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Cirg 654   Class Meeting #1
 

Cirg 654 Class Meeting #1

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3-Tier & Chapter 8

3-Tier & Chapter 8

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    Cirg 654   Class Meeting #1 Cirg 654 Class Meeting #1 Presentation Transcript

    • DIAGNOSIS AND CORRECTION OF READING DIFFICULTIES, LEVEL II CIRG 654 Holly Miles and Tarabeth Brumfield
    • Random Fact Game
      • Think of three random facts about yourself that no one knows.
      • Write them on a note card.
    • Introduction
      • Syllabus
      • Class Expectations
      • Forms
    • Group Brainstorm
      • Talk in your group about what you know about the 3-Tier Reading Model.
      • Write your ideas and/or question on the “Parking Lot”.
      • Be prepared to discuss.
    • 3-TIER READING MODEL
    • Model
      • The 3-Tier Reading Model is a prevention model that:
        • Provides an instructional framework for delivering assessment-driven, differentiated instruction to all students, including students at risk for and with reading difficulties
        • Focuses on reading instruction that uses scientific research-based core, supplemental, and intervention reading programs
        • Identifies struggling students and provides the support (additional instruction/intervention) they need
    • The Three Tiers
      • Tier I: Core classroom reading instruction that all students receive, assessment of student progress three times per year, and ongoing professional development
      • Tier II: Intervention (additional reading instruction) and frequent progress monitoring (e.g., at least every 2 weeks) that struggling readers receive
      • Tier III: More intensive intervention and frequent progress monitoring (e.g., at least every 2 weeks) that students with extreme reading difficulties receive after not making adequate progress in Tiers I and II
    • The Roles of Assessment in the 3-Tier Reading Model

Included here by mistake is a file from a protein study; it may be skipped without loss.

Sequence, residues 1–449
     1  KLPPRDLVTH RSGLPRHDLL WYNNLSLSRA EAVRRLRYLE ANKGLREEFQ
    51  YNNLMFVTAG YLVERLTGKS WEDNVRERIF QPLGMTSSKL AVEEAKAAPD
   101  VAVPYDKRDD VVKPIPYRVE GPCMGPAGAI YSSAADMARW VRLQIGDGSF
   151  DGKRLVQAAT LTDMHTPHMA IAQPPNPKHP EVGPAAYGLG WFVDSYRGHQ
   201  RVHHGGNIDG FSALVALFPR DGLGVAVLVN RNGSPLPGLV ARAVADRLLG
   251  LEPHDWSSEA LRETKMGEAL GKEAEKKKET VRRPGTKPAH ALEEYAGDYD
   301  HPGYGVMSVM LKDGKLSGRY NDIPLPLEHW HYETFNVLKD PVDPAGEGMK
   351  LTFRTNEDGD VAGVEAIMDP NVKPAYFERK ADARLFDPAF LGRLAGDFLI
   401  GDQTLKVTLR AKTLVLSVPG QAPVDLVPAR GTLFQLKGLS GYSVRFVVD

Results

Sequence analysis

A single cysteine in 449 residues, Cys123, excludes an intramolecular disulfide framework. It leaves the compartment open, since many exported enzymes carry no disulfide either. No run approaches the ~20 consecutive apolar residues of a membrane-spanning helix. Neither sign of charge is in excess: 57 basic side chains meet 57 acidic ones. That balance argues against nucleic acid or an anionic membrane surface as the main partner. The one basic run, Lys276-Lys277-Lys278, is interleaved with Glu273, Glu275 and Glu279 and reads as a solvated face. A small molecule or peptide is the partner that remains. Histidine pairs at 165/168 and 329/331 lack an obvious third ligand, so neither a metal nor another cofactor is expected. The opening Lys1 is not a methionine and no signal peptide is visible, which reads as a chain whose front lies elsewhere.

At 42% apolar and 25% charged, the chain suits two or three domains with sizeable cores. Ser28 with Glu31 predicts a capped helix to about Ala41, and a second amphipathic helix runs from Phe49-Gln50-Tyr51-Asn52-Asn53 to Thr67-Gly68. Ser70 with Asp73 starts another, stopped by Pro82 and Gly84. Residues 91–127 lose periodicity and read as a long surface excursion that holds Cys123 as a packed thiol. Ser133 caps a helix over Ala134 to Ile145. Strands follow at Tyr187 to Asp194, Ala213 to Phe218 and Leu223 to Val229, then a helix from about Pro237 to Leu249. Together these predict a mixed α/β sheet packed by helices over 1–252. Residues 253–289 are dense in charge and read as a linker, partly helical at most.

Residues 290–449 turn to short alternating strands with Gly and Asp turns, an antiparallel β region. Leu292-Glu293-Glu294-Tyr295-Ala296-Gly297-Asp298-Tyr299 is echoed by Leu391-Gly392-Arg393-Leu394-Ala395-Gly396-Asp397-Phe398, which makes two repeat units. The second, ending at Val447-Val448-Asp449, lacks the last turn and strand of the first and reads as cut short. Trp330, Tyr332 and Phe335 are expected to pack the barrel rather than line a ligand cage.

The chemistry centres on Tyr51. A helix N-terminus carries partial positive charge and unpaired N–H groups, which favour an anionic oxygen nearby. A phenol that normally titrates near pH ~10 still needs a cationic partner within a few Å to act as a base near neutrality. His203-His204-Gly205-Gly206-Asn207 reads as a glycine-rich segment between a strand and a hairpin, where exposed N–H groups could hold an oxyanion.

• The 3-Tier Reading Model goes beyond the administration of assessments
        • In Tier I, assessments given three times per year are used to guide instructional decision-making (e.g., determine if students are making adequate progress toward grade-level benchmarks or objectives) and identify students who need intervention
        • In Tiers II and III, frequent progress monitoring (e.g., at least every 2 weeks) is used to track student progress and inform instruction
    • 3-Tier Reading Model
    • Grouping Formats for Each Tier
      • Tier I - a variety of grouping formats (e.g., individual, pairs, small groups, and whole group
      • Tier II - same-ability small groups of three to five students
      • Tier III - same-ability small groups of three students or fewer, depending on student needs
      • The 3-Tier Reading Model incorporates flexible grouping practices to group and regroup students based on their progress, interests, and changing needs
    • Tier I: Core Classroom Reading Instruction Minimum 90 Minutes of Daily Instruction
    • Movement Through the Tiers Tier I Grade Level Learners Yes
    • Tier I: Core Class Instruction Focus For all students in K through 3 Program County Adopted Materials Grouping Multiple grouping formats to meet student needs Time 90-120 minutes per day or more Assessment Benchmark assessment at beginning, middle, and end of the academic year (DIBELS) Interventionist General education teacher Setting General education classroom
    • Tier II: Intervention 30 Minutes of Additional Reading Instruction Typically Lasts for 10 to 12 Weeks
    • Tier II: Supplemental Instruction
      • Tier II is small-group supplemental instruction in addition to the time allotted for core reading instruction
      • Tier II includes programs, strategies, and procedures designed and employed to supplement, enhance, and support Tier I